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So any mangled hands after Roubaix…except one: Guess who?

So many riders have mangled hands after Roubaix...except one: Guess who?

Undoubtedly the toughest one-day of the year: Paris-Roubaix is a brutal race. 260 km with 55 km of cobbles in 29 sections, which can cause crashes and mechanicals and generally wreck your body.

Every rider will have stories after about their bad luck–or near-misses, and the look of pain on their faces when they finish proves just how hard the Monument is. But there’s something else which shows the sheer viciousness of the Classic: destroyed hands. Blistered and bloody, it’s a testament to what the cobbles do to the body.

One with the bike

When riding on the cobbles, your arms and hands are meant to be shock absorbers. You can’t grip too hard on the bars, rather, you want some give in your arms to allow you to “float” over the nasty rocks.

On Sunday, Mathieu van der Poel was godly. He continued his incredible spring campaign with an incredible win in France. This spring, van der Poel launched an attack at the 44 km mark to clinch victory at E3 Saxo Bank. He the repeated this feat at the 45 km mark, securing a hat trick of Tour of Flanders titles. During the 121st Paris-Roubaix, he executed the winning move on a three-star cobblestone sector nearly 60 km from the renowned velodrome. Only Andrei Tchmil’s legendary winning attack in the 1994 Hell of the North was slightly longer. With back-to-back Paris-Roubaix titles and six Monument victories, Van der Poel has created an incredibly legacy, and showed his dominance in the cycling world.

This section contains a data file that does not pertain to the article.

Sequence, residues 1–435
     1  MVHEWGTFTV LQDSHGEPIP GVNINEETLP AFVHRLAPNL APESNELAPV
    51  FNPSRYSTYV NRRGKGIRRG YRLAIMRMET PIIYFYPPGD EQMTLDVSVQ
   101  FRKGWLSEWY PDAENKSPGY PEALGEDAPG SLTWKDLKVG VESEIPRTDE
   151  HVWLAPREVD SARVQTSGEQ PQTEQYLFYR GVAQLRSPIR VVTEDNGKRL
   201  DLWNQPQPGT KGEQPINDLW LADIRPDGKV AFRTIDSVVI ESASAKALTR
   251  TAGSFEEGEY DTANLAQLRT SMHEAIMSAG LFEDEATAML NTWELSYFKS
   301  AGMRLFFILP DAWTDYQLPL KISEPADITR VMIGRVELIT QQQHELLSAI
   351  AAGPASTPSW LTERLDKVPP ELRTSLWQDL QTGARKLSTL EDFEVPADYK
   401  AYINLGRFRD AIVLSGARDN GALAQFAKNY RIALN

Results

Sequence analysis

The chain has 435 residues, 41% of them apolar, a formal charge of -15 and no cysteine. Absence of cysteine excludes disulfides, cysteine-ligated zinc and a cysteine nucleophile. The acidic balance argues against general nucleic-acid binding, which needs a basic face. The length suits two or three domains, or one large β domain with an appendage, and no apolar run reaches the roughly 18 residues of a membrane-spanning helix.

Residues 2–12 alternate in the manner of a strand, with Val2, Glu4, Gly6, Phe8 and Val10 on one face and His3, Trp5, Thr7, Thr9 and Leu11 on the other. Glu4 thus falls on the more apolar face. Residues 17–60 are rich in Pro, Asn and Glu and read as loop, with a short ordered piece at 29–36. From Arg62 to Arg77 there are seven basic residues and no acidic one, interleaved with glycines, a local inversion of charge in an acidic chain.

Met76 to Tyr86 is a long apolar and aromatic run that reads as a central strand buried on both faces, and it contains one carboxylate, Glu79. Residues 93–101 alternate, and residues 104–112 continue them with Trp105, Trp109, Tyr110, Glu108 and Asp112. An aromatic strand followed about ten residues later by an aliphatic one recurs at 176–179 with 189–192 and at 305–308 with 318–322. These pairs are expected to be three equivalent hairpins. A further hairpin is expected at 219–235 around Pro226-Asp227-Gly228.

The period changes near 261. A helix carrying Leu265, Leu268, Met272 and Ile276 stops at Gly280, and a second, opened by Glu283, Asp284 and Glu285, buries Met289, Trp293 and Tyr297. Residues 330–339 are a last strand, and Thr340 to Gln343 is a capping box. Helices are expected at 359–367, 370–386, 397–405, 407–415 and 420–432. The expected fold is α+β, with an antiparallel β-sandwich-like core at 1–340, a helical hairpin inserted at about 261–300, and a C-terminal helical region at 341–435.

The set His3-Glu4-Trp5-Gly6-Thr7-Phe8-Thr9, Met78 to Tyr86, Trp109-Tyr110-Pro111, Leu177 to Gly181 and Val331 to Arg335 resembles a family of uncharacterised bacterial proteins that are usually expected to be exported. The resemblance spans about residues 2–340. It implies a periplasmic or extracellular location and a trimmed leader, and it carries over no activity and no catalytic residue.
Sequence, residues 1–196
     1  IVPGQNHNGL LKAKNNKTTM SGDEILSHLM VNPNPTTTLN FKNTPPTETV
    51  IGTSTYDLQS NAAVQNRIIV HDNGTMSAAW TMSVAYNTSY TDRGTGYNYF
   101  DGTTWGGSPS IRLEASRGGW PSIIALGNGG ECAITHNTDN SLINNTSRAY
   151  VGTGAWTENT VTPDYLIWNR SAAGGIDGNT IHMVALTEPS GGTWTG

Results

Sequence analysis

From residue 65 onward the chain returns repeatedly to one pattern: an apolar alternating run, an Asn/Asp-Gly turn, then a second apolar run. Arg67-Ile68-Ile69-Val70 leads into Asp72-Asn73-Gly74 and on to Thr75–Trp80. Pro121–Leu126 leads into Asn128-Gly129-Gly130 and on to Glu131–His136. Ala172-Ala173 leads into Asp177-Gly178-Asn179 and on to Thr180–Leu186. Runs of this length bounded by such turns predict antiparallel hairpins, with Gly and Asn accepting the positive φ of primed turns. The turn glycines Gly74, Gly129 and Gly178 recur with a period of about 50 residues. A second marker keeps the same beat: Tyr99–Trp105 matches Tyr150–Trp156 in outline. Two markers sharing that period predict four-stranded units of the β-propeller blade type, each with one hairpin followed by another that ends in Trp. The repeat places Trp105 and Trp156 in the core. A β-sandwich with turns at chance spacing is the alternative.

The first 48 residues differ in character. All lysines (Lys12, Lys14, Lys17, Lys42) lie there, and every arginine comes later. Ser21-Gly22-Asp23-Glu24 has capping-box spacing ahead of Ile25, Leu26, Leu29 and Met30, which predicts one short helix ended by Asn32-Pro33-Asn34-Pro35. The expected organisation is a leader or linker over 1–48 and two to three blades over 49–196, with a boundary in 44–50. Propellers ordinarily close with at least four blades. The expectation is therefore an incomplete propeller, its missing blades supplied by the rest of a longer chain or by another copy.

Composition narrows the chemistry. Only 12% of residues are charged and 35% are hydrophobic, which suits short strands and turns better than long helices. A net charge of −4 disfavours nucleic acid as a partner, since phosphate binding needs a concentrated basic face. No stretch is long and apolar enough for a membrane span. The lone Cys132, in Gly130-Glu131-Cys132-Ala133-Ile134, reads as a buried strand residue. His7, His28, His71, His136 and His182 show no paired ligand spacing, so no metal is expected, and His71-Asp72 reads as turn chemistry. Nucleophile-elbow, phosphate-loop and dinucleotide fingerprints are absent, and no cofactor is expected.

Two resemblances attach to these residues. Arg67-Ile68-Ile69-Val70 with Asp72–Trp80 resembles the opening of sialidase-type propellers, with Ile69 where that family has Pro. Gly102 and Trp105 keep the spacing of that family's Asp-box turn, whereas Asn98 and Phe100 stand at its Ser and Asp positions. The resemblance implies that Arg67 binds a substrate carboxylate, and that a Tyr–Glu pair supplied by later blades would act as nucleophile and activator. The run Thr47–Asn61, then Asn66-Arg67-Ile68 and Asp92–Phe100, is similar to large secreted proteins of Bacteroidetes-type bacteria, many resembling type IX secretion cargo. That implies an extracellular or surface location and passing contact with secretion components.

The cobbled roads began at the 97-km mark. Notorious sectors included the five-star Trouée d’Arenberg (with the notorious new chicane) at 2.3 km, Mons-en-Pévèle at 3 km, and Carrefour de l’Arbre at 2.1 km. As always, the race concluded at the iconic Roubaix velodrome, a smooth finish after some rocky roads.

“This goes way beyond my expectations, there will be a big party tonight. I was at the limit at Flanders, but here, I really enjoyed the final kilometers,” the world champion said. “I was just trying to make it hard for the others, that wasn’t meant to be the winning move or me going solo, but after that, I had the wind on my back.”

With a winning time of 5 hours, 25 minutes, and 58 seconds, it marked the fastest average speed recorded in the event’s history.

Photos of finisher’s hands showed just how tough it was.

Pidcock’s hands were a blistery mess.


Jules Hesters’s hands were like something out of a horror movie.

So many riders have mangled hands after Roubaix...except one: Guess who?

Norwegian Jonas Abrahamsen, who finished 27th, also had…

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